"Roy Schestowitz" <email@example.com> wrote in message
> William Tasso wrote:
> > Writing in news:alt.www.webmaster
> > From the safety of the ntl Cablemodem News Service cafeteria
> > James A <firstname.lastname@example.org> said:
> >> Hi,
> > How do you do?
> >> I want to include some PHP in my index page, so am going to change it
> >> from
> >> index.htm to index.php. I'm wondering, since it took quite a few months
> >> to
> >> get decent positioning within Google, would that change cause a
> >> downgrade of
> >> the site's search engine position, since the original file was no
> >> locatable?
> The request for your index will be something along the lines of 'GET /'
> meaning that there will be no notion of which file gets delivered. The
> server will deliver whatever it is programmed to deliver. I think that
> Apache gives precedence to PHP, then attempts index.html and then
> index.htm. However, if the file itself changes (at the level of output,
> PHP source), its interpretation will probably vary.
I was wondering about the order of precedence, and whether I could keep the
.htm file for a while, during transition. I'll try it out.
> > Or maybe it is only the domain that is indexed by Google for
> >> the
> >> index page rather than the file itself (in the search results, the link
> >> is
> >> to http://www.xyz.com/)? I wonder about the impact on searches by MSN
> >> too.
> > Several thoughts spring to mind ...
> > o Cool URIs don't change: http://www.w3.org/Provider/Style/URI.html
> > o Our friends over at ais-e are probably better placed to give more
> > qualified response - group added
> > o PHP probably indicates linux/apache. I believe there is a control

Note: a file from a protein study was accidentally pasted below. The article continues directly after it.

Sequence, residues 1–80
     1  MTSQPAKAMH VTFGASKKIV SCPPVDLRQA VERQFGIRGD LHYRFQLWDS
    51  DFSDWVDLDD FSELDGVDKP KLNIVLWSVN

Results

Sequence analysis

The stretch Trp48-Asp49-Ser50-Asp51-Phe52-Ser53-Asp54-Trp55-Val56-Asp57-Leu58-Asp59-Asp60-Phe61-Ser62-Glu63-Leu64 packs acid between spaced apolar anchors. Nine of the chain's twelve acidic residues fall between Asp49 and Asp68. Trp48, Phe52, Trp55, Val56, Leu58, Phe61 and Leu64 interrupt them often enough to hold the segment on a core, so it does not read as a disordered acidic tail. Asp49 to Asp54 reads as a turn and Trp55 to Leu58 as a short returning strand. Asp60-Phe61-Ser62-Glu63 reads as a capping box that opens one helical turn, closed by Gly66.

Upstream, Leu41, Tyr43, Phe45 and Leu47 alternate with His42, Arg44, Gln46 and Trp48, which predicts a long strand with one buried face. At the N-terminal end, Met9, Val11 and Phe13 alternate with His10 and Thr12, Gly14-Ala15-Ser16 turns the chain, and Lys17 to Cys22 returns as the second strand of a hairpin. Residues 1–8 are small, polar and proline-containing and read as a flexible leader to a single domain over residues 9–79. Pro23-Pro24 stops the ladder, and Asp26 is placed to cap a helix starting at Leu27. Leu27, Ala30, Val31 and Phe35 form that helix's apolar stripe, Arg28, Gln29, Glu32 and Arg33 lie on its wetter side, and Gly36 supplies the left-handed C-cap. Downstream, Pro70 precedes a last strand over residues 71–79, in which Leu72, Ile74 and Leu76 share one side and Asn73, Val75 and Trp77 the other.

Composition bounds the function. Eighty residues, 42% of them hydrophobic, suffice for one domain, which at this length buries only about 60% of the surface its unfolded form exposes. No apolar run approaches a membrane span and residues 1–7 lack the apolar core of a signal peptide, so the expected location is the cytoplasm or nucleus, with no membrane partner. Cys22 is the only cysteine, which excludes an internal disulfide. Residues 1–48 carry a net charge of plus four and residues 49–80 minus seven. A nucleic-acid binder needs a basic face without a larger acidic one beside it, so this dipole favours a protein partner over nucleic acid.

> > setting you can make that tells the server to parse .htm files for PHP
> > o Google et al don't really understand anything more than a URI so if
> > spider your page as http://example.com and also as
> > http://example.com/index.htm then one of these will (eventually) be
> > dropped from the index because of duplicate content.
> Have you got anything in your site which points to /index.html or
> /index.htm? If so, change it, but keep the old index files alive (I think
> PHP supersedes HTML). Remember that caching might cause crawlers to have a
> notion of the index file that you wish to get rid of. Maybe use a
> re-direction like index.html>index.php and/or index.htm>index.php? I don't
> think it will be frowned upon by SE's.
Thanks for the tip. Unfortunately, my home button on each page points to
index.htm - I should have thought of that before.
> > o The correct way to advise UAs of a changed URI is by sending a "301 -
> > Moved Permanently" Header
> Yes, but I heard (and seen) bad things about its impact in practice.
> Roy S. Schestowitz
Thanks for your advice, Roy.